• 28. Visit us online: www.sba.gov Small Business Resource 29EMPLOYEE CONSIDERATIONSTaxes If you have any employees, includingofficers of a corporation but not the soleproprietor or partners, you must makeperiodic payments towards, and/or filequarterly reports about payroll taxesand other mandatory deductions. Youmay contact these government agenciesfor information, assistance and forms.Social Security Administration800-772-1213www.ssa.govSocial Security’s Business ServicesOnline The Social Security Administrationnow provides free electronic servicesonline at www.socialsecurity.gov/employer/.Once registered for Business ServicesOnline, business owners or theirauthorized representative can:• file W-2s online; and• verify Social Security Numbersthrough the Social Security NumberVerification Service, used for allemployees prior to preparing andsubmitting Forms W-2.Federal WithholdingU.S. Internal Revenue Service800-829-1040www.irs.govHealth Insurance Compare plans in your area atwww.healthcare.gov.Employee Insurance If you hire employees you may berequired to provide unemployment orworkers’ compensation insurance.WORKPLACE DISABILITYPROGRAMS Americans with Disabilities Act(ADA): For assistance with the ADA, call800-669-3362 or visit www.ada.gov.U.S. CITIZENSHIP ANDIMMIGRATION SERVICES The Federal Immigration Reform andControl Act of 1986 requires employersto verify employment eligibility ofnew employees. The law obligatesan employer to process EmploymentEligibility Verification Form I-9. TheU.S. Citizenship and ImmigrationServices Office of Business Liaison offersa selection of information bulletins andlive assistance through the EmployerHotline. For forms call 800-870-3676, forthe Employer Hotline call 800-357-2099.E-Verify: Employment EligibilityVerification E-Verify, operated by the Departmentof Homeland Security in partnershipwith the Social Security Administration,is the best--and quickest--way foremployers to determine the employmenteligibility of new hires. It is a safe,simple, and secure Internet-basedsystem that electronically verifies theSocial Security number and employmenteligibility information reported on FormI-9. E-Verify is voluntary in most statesand there is no charge to use it. If you are an employer or employeeand would like more information aboutthe E-Verify program, please visitwww.dhs.gov/E-Verify or contact ourCustomer Support staff: 1-888-464-4218Monday – Friday 8 am – 5 pm.E-mail: e-verify@dhs.govSAFETY AND HEALTHREGULATIONS All businesses with employees arerequired to comply with state andfederal regulations regarding theprotection of employees. TheOccupational Safety and HealthAdministration outlines specific healthand safety standards adopted by theU.S. Department of Labor.BUILDING CODES,PERMITS AND ZONING It is important to consider zoningregulations when choosing a site for yourbusiness. You may not be permitted toconduct business out of your home orengage in industrial activity in a retaildistrict. Contact the business licenseoffice in the city or town where thebusiness is located.BAR CODING Many stores require bar coding onpackaged products. Many industrialand manufacturing companies use barcoding to identify items they receive andship. There are several companies thatcan assist businesses with bar-codingneeds. You may want to talk with anSBDC, SCORE or WBC counselor formore information. ADDITIONALRESOURCES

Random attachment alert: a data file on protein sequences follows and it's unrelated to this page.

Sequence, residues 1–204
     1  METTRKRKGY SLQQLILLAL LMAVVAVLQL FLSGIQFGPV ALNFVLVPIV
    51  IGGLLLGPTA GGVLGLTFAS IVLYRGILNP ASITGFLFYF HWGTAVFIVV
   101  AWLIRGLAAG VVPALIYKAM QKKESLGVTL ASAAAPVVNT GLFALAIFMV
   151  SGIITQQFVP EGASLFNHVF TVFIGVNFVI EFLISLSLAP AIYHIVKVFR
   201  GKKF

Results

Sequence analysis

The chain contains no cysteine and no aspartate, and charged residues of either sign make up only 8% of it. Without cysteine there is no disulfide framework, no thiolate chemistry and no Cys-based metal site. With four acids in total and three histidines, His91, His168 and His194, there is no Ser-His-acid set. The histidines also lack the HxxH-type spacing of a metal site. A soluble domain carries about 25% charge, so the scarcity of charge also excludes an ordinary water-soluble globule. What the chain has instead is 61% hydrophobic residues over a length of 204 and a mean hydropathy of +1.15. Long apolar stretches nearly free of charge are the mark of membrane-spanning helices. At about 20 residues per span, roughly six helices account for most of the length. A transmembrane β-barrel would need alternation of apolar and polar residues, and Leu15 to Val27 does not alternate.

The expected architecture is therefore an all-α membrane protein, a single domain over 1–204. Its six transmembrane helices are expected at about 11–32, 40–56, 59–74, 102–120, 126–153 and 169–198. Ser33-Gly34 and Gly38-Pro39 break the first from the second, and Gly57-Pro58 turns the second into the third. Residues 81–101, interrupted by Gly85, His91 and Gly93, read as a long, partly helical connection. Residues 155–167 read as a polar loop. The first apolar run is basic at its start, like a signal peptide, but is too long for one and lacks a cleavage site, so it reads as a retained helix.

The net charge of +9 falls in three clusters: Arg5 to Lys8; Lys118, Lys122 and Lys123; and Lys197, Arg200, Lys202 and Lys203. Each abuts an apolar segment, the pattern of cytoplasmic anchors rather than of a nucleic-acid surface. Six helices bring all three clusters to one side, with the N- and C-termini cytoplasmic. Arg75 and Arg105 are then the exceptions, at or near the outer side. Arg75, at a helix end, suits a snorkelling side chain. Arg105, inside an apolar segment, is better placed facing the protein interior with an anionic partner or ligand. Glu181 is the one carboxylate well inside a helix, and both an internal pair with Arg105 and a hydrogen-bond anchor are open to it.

• 29. Visit us online: www.sba.gov30 Small Business ResourceFederal Registration of Trademarksand Copyrights Trademarks or service marks arewords, phrases, symbols, designs orcombinations thereof that identifyand distinguish the source of goods.Trademarks may be registered at boththe state and federal level. To register afederal trademark, contact:U.S. Patent and Trademark Office:P.O. Box 1450Alexandria, VA 22313-1450800-786-9199www.uspto.gov/Trademark Information Hotline703-308-9000STATE REGISTRATIONOF A TRADEMARK Trademarks and service marks maybe registered in a state.Caution: Federally registeredtrademarks may conflict with andsupersede state registered business andproduct names.Patents A patent is the grant of a propertyright to the inventor by the U.S. Patentand Trademark Office. It provides theowner with the right to exclude othersfrom making, using, offering for sale orselling the patented item in the UnitedStates. Additional information is provided inthe publications, General InformationConcerning Patents and otherpublications distributed through theU.S. Patent and Trademark Office. Formore information, contact the:U.S. Patent and Trademark Office800-786-9199 • www.uspto.govCopyrights Copyrights protect original works ofauthorship including literary, dramatic,musical and artistic, and certain otherintellectual works. Copyrights donot protect facts, ideas and systems,although it may protect the way thesethings are expressed. For generalinformation contact:U.S. Copyright OfficeU.S. Library of CongressJames Madison Memorial BuildingWashington, DC 20559202-707-9100 - Order Line202-707-3000 - Information Linewww.copyright.gov There are many forms of legalstructure you may choose for yourbusiness. Each legal structure offersorganizational options with differenttax and liability issues. We suggest youresearch each legal structure thoroughlyand consult a tax accountant and/orattorney prior to making your decision. The most common organizationalstructures are sole proprietorships,general and limited partnerships, “C”and “S” corporations and limited liabilitycompanies. Each structure offers unique tax andliability benefits. If you’re uncertainwhich business format is right for you,you may want to discuss options with abusiness counselor or attorney.Sole Proprietorship One person operating a business asan individual is a sole proprietorship.It’s the most common form of businessorganization. Profits are taxed asincome to the owner personally. Thepersonal tax rate is usually lower thanthe corporate tax rate. The ownerhas complete control of the business,but faces unlimited liability for itsdebts. There is very little governmentregulation or reporting required withthis business structure.General Partnership A partnership exists when twoor more persons join together inthe operation and management of abusiness. Partnerships are subject torelatively little regulation and are fairlyeasy to establish. A formal partnershipagreement is recommended to addresspotential conflicts such as: who will beresponsible for performing each task;what, if any, consultation is neededbetween partners before major decisions,and what happens when a partnerdies. Under a general partnership eachpartner is liable for all debts of thebusiness. Profits are taxed as income tothe partners based on their ownershippercentage.Limited Partnership Like a general partnership, alimited partnership is established byan agreement between two or morepersons. However, there are two typesof partners.• A general partner has greater controlin some aspects of the partnership.For example, only a general partnercan decide to dissolve the partnership.General partners have no limits on thedividends they can receive from profitso they incur unlimited liability.• Limited partners can only receivea share of profits based on theproportional amount on theirinvestment, and liability is similarlylimited in proportion to theirinvestment.“C” Corporation A “C” corporation is a legal entitycreated under state law by the filing ofarticles of incorporation. A corporationis a separate entity having its ownrights, privileges and liabilities, apartfrom those of the individual(s) formingthe corporation. It’s the most complexform of business organization and iscomprised of shareholders, directorsand officers. Since the corporationis a separate legal entity in its ownright it can own assets, borrow moneyand perform business functionswithout directly involving the owners.Corporations are subject to moregovernment regulation and offer theowners the advantage of limited liability,but not total protection from lawsuits.Subchapter “S” Corporation Subchapter “S” references a specialpart of the Internal Revenue Code thatpermits a corporation to be taxed as apartnership or sole proprietorship, withprofits taxed at the individual, ratherthan the corporate rate. A businessmust meet certain requirements forSubchapter “S” status. Contact the IRSfor more information.LLCs and LLPs The limited liability company isa relatively new business form. Itcombines selected corporate andpartnership characteristics whilestill maintaining status as a legalentity distinct from its owners. As aseparate entity it can acquire assets,incur liabilities and conduct business.It limits liability for the owners. Thelimited liability partnership is similarto the LLC, but it is for professionalorganizations.BUSINESS ORGANIZATION:Choosing Your Business StructureADDITIONALRESOURCES